There's new, old and home?? in it. But I've seen multiple translations. If anyone could help it'd be appreciated.

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    Could you provide the context? Where did you see it? – Chocolate Jul 19 '17 at 11:40
  • Its in a table of contents in a Totoro book 1.新しい古いうち – KaylaK Jul 19 '17 at 11:52
  • Ohh I see... Yeah I remember that. – Chocolate Jul 19 '17 at 12:22


This is from 「となりのトトロ」. サツキ, メイ and their father move into a very old house. So the house is new to them (新しい[家]{うち}, new place, new home), though the house/building itself is actually very old. Literally "Our new old house". So I think it means "Our new home in an old house" or "An old house we newly moved in".

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    i think it should be translated "new old house" without the comma to capture this meaning. "new, old house" feeling a bit contradictory – A.Ellett Jul 19 '17 at 16:24
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    It's similar to the dilemma of what you call your newly purchased used car. – Paul Rowe Jul 19 '17 at 20:36
  • @mackygoo, A.Ellett ありがとうございます! ^^ – Chocolate Jul 19 '17 at 22:25
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    ああ、コンマがあると「新しくて古いうち」、コンマがないと「新しい古いうち」になるんですね… – naruto Jul 20 '17 at 1:48
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    @naruto Yes. In English the comma (in this case) and a semicolon can often act like the word "and". – A.Ellett Jul 20 '17 at 22:33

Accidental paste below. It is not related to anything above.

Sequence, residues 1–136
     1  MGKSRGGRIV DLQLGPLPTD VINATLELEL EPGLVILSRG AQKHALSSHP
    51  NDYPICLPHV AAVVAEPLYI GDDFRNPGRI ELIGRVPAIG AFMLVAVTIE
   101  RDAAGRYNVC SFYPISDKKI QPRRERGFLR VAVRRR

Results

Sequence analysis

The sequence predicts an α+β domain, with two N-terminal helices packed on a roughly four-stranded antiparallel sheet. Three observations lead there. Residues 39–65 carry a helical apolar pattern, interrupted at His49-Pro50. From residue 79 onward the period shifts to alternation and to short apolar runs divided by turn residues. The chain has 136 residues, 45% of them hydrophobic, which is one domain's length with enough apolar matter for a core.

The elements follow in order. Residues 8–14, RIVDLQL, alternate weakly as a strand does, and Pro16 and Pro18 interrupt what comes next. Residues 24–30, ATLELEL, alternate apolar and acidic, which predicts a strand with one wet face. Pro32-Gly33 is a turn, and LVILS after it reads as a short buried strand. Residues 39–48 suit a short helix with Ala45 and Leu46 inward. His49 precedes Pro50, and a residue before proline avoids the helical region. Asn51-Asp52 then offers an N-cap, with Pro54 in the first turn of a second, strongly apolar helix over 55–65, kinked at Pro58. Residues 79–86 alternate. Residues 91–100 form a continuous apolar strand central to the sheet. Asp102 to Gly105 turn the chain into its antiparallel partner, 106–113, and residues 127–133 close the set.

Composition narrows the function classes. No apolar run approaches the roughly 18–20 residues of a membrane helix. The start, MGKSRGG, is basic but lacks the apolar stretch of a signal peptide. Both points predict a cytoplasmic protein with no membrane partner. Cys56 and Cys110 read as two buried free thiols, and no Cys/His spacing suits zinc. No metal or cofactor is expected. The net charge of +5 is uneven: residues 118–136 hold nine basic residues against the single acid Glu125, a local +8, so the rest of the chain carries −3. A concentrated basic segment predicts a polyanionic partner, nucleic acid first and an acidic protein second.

It might be written as 新しい古い家{うち}.
If my guess is correct, it must be "古{ふる}い建築{けんちく}様式{ようしき}の新築{しんちく}の家{いえ} a house of a newly built old architectural style".


I admit it was my perfect defeat as Chocolate knew of "となりのトトロ" from which the OP cited "新しい古いうち". I accept that the voting results is not positive because of my complete defeat. I do not regret it either. However, I am worried about how this minus evaluation appears on serious people who are studying Japanese. The reason why I prepared this EDIT is to prevent them from misunderstanding that my answer is essentially incorrect and that Chocolate's answer is correct. The correctness of the answer is only whether the answerers knew the unfamiliar or rather strange expression in "となりのトトロ" or not.

By the way, apart from the author and the readers who know the scene of "となりのトトロ", most of the Japanese who hear "新しい古いうち" should think at first as "what?" When I first saw this strange phrase I thought I have to interpret it and answer OP the question somehow. I examined it very hard. And after making a striving effort I could just reach to the idea of a newly build noted Japanese farmhouse with steeply slanted thatched-roofs in Gassho-zukuri style, that I showed in the picture.

To OP, first of all, please be aware that "新しい古いうち" does not make sense normally or sounds strange in Japanese. You can use it without problems if you say like "新しく移{うつ}った古いうち" or "新しく引{ひ}っ越{こ}してきた古いうち". Also, it is necessary for "a newly purchased used car" written in Pawl Rowe's comment to say as "新しく買{か}った古い車{くるま}" as opposed to "新しい古い車".

By the way if you can say "新しい古いうち" for "the old house you newly moved into" you can say "古い古いうち" for "the old house you moved out of".

There is an expression "古くて新しい" similar to that of "新しい古い something" useful when OP learns it. I understand that this is an adjective phrase with a positive meaning used in nuances like being re-evaluated in this modern society highly in the value of the traditional old one or being rather novel, wonderful or useful of things that have existed from long ago compared to current novelty things.






OPさんへ。「新しい古いうち」は、普通には通用しない日本語であることをまず知ってください。「新しく移った古いうち」や「新しく引っ越してきた古いうち」なら問題なく使えます。 また、Pawl Roweさんのコメントにある newly purchased used car も、「新しい古い車」ではなく「新しく買った古い車」のように言う必要があります。 



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    個人的にはそんな長文で語るほどの心配はないと思いますよー。文法や語彙的にはこれ以上ないくらいに平易ですし、英語でも"The new old ~"みたいな言い方は別に珍しくありません。「文脈がないと突飛で曖昧に見える、そういうよくある表現技法の一種だよ」の一言で十分かなーと。(ちなみに分類としてはオクシモロンです) – naruto Jul 21 '17 at 4:20

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